Friday, President Joe Biden signed an executive order that establishes a new privacy framework for data exchanged between Europe and the U.S.
- Secure data between Europe and the U.S. is a vital element of international business exchanges. Two previous agreements between Biden and the European Commission failed after being struck down in European courts.
- Whether or not these data transfers are legal has been in question for years.
- The new executive order more carefully considered privacy and personal liberty while adding protection for U.S. intelligence and privacy regulations on data collection.
Why it’s news
While the new deal could potentially be challenged again, the White House seems confident that the new agreement will hold.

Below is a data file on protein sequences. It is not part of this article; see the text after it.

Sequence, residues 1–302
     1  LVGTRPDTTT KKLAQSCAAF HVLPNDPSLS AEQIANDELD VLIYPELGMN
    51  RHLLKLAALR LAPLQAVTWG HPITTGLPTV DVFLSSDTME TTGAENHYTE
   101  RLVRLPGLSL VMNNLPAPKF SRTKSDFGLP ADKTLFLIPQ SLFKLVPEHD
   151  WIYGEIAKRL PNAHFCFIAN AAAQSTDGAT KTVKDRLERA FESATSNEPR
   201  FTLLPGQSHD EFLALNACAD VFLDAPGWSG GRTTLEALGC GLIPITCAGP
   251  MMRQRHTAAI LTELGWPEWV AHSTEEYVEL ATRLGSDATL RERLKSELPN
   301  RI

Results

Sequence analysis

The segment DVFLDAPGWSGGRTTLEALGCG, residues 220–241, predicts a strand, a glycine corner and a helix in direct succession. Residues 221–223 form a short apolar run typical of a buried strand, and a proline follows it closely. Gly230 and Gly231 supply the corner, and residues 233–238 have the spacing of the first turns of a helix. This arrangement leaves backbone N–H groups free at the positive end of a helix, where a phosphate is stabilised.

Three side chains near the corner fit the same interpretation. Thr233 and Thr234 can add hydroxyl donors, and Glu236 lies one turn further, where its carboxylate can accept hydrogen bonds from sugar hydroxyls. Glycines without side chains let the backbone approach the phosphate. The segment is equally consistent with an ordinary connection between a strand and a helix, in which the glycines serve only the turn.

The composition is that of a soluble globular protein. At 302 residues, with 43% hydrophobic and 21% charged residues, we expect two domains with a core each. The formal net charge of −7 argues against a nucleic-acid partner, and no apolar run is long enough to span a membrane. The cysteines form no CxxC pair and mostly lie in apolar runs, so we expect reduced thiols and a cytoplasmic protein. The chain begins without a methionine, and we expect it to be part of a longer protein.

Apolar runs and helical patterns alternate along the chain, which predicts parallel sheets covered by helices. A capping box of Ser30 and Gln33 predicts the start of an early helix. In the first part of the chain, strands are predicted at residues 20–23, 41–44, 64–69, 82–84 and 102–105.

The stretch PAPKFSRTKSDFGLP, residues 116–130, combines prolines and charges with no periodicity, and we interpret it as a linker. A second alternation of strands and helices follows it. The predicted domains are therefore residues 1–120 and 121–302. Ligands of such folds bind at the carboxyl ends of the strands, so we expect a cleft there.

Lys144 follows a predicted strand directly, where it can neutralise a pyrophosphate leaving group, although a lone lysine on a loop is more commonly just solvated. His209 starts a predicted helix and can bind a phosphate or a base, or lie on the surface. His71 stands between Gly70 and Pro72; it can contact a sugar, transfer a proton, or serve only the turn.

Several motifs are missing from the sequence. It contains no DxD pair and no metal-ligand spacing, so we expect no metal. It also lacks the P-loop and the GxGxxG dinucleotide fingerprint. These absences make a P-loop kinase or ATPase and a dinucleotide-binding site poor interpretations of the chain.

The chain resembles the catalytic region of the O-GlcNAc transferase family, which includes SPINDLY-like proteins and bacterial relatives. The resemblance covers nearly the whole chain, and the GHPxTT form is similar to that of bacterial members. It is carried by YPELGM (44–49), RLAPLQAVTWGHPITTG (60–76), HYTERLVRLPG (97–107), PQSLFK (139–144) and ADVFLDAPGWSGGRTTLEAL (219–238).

After the previous agreements were thrown out in European court, U.S. and European businesses that have overseas customers have been caught in limbo, awaiting a decision.
The agreement also creates an avenue for non-U.S. citizens to issue complaints if they believe their private information has been collected by U.S. intelligence agencies improperly.
Non-U.S. citizens will file their complaints with the Office of the Director of National Intelligence. From there, the complaint will be brought to the Justice Department.
“This is a culmination of our joint efforts to restore trust and stability to transatlantic data flows, and is a testament to the enduring strength of the U.S.-EU relationship and our shared values,” Commerce Secretary Gina Raimondo told reporters. “By ensuring a durable and reliable legal basis for transatlantic data flows, We’ve paved the way for a more inclusive digital economy that will benefit American consumers and small businesses alike.”